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The Big Beat In The Heart Of The Vinyl Jungle

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It seemed like after 1982 or so that Phantom slowed down a little bit … not so many releases. What happened there?

What happened was…well, Phantom had three phases, you know? The first one was when Dare and I were very heavily involved together. But Dare had this Mambo thing – it started as Phantom Textile Printing, but then it became Mambo Graphics. And that started doing quite well. He had this idea of doing these sort of shorts, some board shorts. So he made some and called them “100% Mambo”. And as you know it’s now massive – all over the world. But it was just a little thing he started by himself in a little factory. One pair of shorts, a couple of designs. So that started to work, and he came in less. And the shop started becoming really successful. Between 1979 and 1982 the shop went from four or five hundred dollars a day to three or four thousand dollars a day. Which was big back then – a lot of records per day. And so he didn’t have time to do it.

There were still bands around that we liked – we used to go to three or four gigs a week, and Dare would come as well to a lot of them. But we just sort of stopped putting them out. We didn’t make any big decision. But we weren’t given any demos that we loved at the time. There wasn’t anything that we really loved but we thought “oh, we’re too busy to do this”. We just weren’t given any more demos that we felt any passion about. So after number 17 or something like that, we just fizzled.

And then Ray from a band called the Rockmelons – he used to work in the shop. The Rockmelons started the earliest warehouse parties ever in Sydney. They used to have these warehouse parties and they played really great funky stuff like some of the electro music that was coming out of America and England in the early 80s. I loved that stuff – really melodic dance music, but it wasn’t disco. There was a funk edge to it. And this new band was playing it, with Ray in it.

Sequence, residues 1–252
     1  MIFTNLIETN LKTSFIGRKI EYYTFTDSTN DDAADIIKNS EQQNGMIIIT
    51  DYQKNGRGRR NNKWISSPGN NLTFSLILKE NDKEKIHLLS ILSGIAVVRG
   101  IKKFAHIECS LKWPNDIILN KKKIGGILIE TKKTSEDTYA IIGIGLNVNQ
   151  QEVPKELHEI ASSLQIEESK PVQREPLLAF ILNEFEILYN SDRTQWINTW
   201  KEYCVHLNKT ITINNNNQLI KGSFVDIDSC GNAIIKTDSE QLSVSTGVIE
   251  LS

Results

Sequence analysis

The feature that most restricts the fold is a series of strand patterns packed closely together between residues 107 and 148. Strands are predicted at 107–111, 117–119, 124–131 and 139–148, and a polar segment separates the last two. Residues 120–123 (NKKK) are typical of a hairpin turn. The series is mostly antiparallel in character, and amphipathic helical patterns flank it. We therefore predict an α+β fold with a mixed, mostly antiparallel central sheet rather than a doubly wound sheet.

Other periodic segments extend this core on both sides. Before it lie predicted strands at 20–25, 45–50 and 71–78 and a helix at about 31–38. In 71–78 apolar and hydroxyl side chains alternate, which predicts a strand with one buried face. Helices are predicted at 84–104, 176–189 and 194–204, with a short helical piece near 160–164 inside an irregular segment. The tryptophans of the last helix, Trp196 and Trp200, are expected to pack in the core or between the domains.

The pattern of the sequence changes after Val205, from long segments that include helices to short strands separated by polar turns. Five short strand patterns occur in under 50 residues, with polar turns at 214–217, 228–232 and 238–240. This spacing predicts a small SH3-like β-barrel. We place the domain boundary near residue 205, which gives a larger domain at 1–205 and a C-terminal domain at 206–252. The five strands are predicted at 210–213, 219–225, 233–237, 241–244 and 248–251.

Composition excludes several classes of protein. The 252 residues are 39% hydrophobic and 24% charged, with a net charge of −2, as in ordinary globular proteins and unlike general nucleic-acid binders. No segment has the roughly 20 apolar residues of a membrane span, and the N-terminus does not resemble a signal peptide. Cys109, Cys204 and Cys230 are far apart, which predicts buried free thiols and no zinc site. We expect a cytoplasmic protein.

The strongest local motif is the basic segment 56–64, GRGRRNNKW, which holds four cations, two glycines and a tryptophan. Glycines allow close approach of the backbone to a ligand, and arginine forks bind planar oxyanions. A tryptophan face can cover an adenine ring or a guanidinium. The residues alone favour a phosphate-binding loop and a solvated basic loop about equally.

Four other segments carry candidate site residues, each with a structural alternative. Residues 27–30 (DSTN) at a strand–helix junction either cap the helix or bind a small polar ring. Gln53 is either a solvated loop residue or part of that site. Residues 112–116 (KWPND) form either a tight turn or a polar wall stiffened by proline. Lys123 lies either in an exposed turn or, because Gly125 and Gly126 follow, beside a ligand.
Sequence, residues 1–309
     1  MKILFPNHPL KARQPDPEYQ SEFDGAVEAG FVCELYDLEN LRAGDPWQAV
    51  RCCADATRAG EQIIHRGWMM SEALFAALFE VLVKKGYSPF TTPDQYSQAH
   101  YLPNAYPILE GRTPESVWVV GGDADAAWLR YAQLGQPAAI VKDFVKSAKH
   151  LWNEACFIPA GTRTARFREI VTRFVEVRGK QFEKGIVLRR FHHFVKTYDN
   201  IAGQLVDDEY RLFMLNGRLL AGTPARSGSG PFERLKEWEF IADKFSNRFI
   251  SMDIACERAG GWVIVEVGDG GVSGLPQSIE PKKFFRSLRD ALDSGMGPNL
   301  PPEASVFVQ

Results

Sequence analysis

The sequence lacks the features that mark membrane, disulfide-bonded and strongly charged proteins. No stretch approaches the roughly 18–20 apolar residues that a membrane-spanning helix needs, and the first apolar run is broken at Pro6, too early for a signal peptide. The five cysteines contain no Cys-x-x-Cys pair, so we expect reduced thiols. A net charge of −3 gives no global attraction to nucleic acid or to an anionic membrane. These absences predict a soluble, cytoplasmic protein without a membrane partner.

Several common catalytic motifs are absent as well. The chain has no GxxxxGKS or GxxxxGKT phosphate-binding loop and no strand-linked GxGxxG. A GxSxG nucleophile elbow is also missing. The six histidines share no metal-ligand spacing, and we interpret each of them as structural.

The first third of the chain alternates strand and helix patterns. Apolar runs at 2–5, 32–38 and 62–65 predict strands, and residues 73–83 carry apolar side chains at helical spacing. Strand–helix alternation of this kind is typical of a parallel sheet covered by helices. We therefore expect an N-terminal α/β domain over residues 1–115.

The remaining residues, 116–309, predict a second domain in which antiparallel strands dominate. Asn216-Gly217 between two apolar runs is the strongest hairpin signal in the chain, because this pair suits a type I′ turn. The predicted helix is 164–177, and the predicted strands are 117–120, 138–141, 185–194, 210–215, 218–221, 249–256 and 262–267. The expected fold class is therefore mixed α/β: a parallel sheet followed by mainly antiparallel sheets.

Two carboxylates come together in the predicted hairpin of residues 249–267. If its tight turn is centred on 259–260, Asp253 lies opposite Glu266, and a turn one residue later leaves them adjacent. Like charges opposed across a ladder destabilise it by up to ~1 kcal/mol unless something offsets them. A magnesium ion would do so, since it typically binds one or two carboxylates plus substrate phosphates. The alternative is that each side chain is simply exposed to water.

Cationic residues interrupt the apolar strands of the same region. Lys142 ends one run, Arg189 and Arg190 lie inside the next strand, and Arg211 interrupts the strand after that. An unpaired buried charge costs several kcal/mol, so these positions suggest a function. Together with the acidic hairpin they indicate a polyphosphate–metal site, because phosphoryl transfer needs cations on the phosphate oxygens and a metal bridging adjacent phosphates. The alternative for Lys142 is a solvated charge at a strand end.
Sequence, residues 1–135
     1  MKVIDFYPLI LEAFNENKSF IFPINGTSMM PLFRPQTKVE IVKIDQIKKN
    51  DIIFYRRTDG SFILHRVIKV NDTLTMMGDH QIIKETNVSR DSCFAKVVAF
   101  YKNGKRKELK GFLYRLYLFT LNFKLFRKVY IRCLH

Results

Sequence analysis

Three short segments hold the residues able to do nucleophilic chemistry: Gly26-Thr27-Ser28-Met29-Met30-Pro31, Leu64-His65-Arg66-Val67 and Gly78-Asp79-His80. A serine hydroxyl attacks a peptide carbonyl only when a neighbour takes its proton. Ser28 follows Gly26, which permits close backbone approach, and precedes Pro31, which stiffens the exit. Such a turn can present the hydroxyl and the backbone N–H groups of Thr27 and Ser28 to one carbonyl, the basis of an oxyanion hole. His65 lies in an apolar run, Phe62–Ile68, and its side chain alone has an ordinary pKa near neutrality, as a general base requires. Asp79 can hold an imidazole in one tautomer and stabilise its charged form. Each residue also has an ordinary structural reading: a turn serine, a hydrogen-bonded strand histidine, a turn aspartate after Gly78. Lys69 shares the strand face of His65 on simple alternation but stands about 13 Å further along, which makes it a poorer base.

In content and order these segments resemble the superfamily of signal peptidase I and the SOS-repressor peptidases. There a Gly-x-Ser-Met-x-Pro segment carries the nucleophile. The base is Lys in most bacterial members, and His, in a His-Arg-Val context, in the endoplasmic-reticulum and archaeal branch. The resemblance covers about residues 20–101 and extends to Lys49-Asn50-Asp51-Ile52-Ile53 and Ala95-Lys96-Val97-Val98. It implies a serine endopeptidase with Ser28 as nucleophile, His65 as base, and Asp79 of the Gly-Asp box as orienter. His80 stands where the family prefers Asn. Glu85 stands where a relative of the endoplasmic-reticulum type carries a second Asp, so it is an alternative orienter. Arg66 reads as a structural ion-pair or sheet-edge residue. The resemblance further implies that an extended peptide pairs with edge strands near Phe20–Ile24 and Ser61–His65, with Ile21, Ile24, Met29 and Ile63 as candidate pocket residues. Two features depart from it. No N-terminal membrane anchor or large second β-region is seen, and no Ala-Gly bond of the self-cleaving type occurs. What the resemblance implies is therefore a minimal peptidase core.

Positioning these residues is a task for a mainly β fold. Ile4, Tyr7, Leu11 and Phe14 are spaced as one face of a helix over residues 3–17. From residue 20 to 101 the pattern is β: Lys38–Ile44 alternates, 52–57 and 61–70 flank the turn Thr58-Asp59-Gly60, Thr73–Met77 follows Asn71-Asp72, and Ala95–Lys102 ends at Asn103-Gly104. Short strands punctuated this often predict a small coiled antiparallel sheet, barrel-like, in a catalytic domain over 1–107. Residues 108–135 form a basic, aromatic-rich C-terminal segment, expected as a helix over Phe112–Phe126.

So we started up the label again to put this record out, and Festival Records approached us and asked if we’d do a licensing deal, because they loved this one song by the Rockmelons. And also the vibe was massive around them because they put on these amazing events and didn’t play at venues. So that was our second phase, which lasted for one record. Because Festival had the rights for three years, and I showed them everything that came later, and they didn’t want to release anything.

And then, I started up the label again in about 1987, or 1988 was it? And that’s when I did the Hummingbirds and the Sparklers. It all sort of became more my label then because Dare was off doing Mambo. He hadn’t sold his share of the business yet, but it was just me running it, and I decided to carry on and do it. So the whole label that restarted with the Hummingbirds and the Vanilla Chainsaws was just me doing it all – with bands that I liked. And I’d tell Dare about it and give him copies of it, but his input was minimal at the time. He still came, but he was so busy with his business.

Eventually at some point he either gave you his share or sold his share to you – is that what happened?

Uh, huh. Yeah, he came to me, and we talked a few times about it. He was quite prepared to sell out, because he was aware that it should be a partner who was working more time, and he couldn’t do that. Fair enough. He was completely gentlemanly about it and he wanted to make sure that I was happy. And then a few other shops started happening around town, like Waterfront started, and then in satellite towns like Wollongong and Newcastle where there were no import shops, and also out at Parametta. All of a sudden they got shops. And all of a sudden our business started to go down a little, because people didn’t have to come from out of town.

Because in 1979, ’80, ’81 and ’82, every Saturday morning punks descended on our shop. They’d come on the train together from Newcastle with spiked hair and all that. I’ve heard the stories since then. They’d tell me about how they’d hide their leather jacket under a bush and wait until their mom went out shopping, and then spike their hair up and get on the train from Newcastle. So many stories like that I’ve heard.

But they didn’t have to do that any more because now they had shops in their own town. So business started to go down. And I think Dare thought that – on the one hand he was directing a huge business that was succeeding, and on the other hand he was directing a business that didn’t look like it was going too well at the moment. So I think that sort of jogged him into making the decision – “Do I really want to do this? I’d like to spend the next two or three months trying to find someone, and then in six months if I haven’t found someone, then try to sell it anyway.” Or something like that. He was incredibly good about it – he didn’t have to do any of that.